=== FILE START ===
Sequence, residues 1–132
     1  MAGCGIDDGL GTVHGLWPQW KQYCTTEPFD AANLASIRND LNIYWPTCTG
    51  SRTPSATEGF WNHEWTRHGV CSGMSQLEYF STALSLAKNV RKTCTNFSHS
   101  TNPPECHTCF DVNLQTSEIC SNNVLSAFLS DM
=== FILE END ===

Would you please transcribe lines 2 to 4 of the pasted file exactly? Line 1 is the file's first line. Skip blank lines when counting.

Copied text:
     1  MAGCGIDDGL GTVHGLWPQW KQYCTTEPFD AANLASIRND LNIYWPTCTG
    51  SRTPSATEGF WNHEWTRHGV CSGMSQLEYF STALSLAKNV RKTCTNFSHS
   101  TNPPECHTCF DVNLQTSEIC SNNVLSAFLS DM